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Thread: [RS 2.1a Roman (Auxiliary) AAR] Serving Your Oppressor [COMPLETED]

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    McScottish's Avatar The Scribbling Scotsman
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    Default [RS 2.1a Roman (Auxiliary) AAR] Serving Your Oppressor [COMPLETED]

    Authors Note: This is going to be a prose-based AAR with lots of writing and little to no pictures, please do not ask me to put pictures in...because I won't...but feel more than free to comment, ask questions, and so forth if you wish.



    (Credit to the VRoma Project)


    Prologue


    What is it to be in the service of those who kill your kindred, who take your land and your freedom and to serve them as if they were your own chieftain? What manner of resentment, bitterness and thoughts of vengeance must we harbor towards them?

    These things and more you, reader, will find out in this account of my life and my travels in the service of an empire of which I was no part. I write, yes I can write, in the language of those who took me away from my homeland and which I was forced to learn to progress in the ranks so that I may be understood by upper and lowers classes, younger and older citizens, and anyone else who may have the time and ability to pick up this volume and find it of interest.

    Let me begin, therefore, by introducing myself in the only way I know how and that is in the manner of names.

    My name is Marcus Laenas, named for the cloak I so commonly employ in times of heat and times when there is a lack of it, a cloak I was given in my younger years and never discarded. This, of course, is not my true name, my birth or given name, but is the name by which I am known. Names are an odd thing, I often thought, they can make things seem harmless or more terrifying and I was not greatly mistaken. Why, would anyone have feared the Persian Immortals if they had been named otherwise? Well, perhaps, they did exude a fearsome reputation but without the name it would not likely have been the same, do you not think?

    Anyway, before I become diverted from my true purpose, and the purpose of these prose, I will continue on with the tale of my life and hope that you take from it what you can, learn from it and, in doing so, avoid mistakes that I made...beginning with one when I was only sixteen years of age.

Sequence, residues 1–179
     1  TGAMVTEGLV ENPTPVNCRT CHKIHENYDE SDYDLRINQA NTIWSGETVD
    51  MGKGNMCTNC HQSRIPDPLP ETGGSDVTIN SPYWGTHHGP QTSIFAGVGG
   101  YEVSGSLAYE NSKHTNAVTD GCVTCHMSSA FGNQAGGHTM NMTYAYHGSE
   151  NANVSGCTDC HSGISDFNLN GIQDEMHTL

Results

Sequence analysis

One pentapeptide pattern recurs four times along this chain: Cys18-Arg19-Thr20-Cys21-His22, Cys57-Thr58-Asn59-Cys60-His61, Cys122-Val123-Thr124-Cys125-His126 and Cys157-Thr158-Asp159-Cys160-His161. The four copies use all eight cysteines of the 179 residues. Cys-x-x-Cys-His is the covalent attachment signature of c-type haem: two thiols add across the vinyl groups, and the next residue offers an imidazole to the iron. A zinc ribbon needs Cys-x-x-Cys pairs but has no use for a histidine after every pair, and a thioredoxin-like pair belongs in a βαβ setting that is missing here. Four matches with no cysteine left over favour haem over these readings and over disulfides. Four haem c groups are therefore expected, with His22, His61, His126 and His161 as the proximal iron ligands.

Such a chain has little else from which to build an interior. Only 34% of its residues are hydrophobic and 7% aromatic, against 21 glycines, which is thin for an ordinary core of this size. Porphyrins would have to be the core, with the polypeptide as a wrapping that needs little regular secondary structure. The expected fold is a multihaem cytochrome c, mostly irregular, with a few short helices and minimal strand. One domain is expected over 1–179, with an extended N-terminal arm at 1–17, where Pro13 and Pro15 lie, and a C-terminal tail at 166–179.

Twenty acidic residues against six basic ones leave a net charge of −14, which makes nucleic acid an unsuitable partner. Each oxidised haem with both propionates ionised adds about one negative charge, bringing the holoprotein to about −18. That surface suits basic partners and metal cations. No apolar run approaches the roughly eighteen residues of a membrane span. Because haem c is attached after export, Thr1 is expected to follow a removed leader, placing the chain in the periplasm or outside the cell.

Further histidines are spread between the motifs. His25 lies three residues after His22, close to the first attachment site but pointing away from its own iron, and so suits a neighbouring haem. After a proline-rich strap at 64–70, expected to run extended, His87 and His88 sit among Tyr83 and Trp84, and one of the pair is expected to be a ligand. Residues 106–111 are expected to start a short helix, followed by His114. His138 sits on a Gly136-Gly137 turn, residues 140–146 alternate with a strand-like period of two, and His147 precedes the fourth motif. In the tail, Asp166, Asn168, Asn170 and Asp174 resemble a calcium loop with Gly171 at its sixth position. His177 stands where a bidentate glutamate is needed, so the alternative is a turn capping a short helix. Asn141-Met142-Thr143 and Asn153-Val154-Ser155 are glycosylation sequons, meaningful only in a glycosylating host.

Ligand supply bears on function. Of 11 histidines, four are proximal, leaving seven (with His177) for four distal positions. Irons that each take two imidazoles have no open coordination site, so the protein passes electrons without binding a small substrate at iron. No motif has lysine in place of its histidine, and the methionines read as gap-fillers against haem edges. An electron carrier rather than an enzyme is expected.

- M. Laenus
    Last edited by McScottish; December 18, 2011 at 08:08 AM.

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    McScottish's Avatar The Scribbling Scotsman
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    Default Re: [RS 2.1a AAR] Serving your oppressor





    In bed with the Enemy, Part I

    Spoiler Alert, click show to read: 
    As far as my birth and childhood concern you, reader, whoever you may be, they were both normal for one of my people and not much different from any other youth that I knew as I grew into a man. Now there is a vast difference to me growing into a man and actually 'becoming' a man as I later would. Anyway, I think I ought perhaps to tell you exactly who are my people and how did I come to be serving in the glorious Roman war machine in the first place.

    My birth name was Thiacus and I was born into the tribe which the Romans know as the Dacii or, as I was later to discover, also known as the sons of the wolf. In later years it was interesting and quite humorous alongside, when I was approached even by senior centurions and asked why we Dacii were known as such and, even though I know why, they never found out...for it was not for them to know!

    Carrying on, my mother and father were both successful bee-keepers and our produce of honey was well known in other tribes and our own. My father was also a warrior in times of need, as had been his grandfather and his father before him and so on, the curved sica which I was to inherit having been passed down since the beginning of his familial line and finally into my hands. It is an item and a lethal weapon that shall also be passed to my eldest son in time, gods willing.